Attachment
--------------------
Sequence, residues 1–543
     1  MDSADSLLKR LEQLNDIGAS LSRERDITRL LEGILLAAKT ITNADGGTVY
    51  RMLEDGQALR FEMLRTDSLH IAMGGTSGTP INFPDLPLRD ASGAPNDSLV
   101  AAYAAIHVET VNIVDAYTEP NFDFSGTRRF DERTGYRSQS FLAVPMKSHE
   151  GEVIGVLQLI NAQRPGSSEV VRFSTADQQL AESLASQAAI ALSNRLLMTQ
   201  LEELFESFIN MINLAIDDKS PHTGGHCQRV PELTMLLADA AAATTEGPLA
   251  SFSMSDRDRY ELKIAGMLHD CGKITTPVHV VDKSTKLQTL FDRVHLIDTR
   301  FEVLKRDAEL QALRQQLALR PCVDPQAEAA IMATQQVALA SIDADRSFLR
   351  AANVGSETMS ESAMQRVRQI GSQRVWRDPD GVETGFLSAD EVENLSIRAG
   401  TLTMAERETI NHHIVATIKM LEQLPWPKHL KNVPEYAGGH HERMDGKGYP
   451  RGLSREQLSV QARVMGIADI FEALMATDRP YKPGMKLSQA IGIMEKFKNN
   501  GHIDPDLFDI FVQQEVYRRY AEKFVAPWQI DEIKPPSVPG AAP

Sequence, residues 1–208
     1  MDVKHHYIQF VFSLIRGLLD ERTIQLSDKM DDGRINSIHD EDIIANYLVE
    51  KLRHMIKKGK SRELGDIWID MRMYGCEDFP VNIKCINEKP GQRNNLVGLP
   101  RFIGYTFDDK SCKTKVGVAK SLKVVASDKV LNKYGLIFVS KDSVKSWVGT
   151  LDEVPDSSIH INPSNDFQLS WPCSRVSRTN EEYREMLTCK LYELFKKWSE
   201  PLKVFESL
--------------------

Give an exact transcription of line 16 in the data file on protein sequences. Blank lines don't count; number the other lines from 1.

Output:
   101  RFIGYTFDDK SCKTKVGVAK SLKVVASDKV LNKYGLIFVS KDSVKSWVGT